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Desert Diary


Do you know that the story of the major attraction at White Sands National Monument began about 250 million years ago? At that time, the land was below sea level, covered by shallow marine waters laden with minerals. Many of these, including gypsum, became part of the ocean floor that eventually turned to rock.

The area rose later, and a giant dome that included layers of these rocks formed in the region. About 10 million years ago, the central portion sank to form the Tularosa Basin, leaving the dome edges as the San Andres and Sacramento mountains. Weathering in these mountain areas is slowly re-dissolving the minerals, which are being carried into the basin by the scanty precipitation.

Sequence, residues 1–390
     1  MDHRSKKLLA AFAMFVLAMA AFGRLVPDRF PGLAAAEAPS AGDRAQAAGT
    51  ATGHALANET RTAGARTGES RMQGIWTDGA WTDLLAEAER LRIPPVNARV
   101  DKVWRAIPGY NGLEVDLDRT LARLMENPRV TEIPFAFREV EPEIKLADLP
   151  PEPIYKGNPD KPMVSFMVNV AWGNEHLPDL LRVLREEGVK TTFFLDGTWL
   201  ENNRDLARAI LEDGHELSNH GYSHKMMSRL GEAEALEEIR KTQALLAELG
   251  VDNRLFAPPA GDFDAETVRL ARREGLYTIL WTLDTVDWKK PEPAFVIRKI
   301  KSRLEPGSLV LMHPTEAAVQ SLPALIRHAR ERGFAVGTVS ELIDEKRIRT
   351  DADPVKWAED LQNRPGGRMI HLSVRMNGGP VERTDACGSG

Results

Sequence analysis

With no outlet from the bolson, these gypsum-bearing waters slowly evaporate, forming crystals of nearly pure gypsum. Eventually these crystals break up to form sand—sand that is carried by the southwesterly winds to form the dune fields of White Sands.
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Contributor: Arthur H. Harris, Laboratory for Environmental Biology, Centennial Museum, University of Texas at El Paso.

Desert Diary is a joint production of the Centennial Museum and KTEP National Public Radio at the University of Texas at El Paso.

Gypsum sand dune

A gypsum dune at White Sands National Monument, New Mexico. Photograph by A. H. Harris.



Web Resources

White Sands National Monument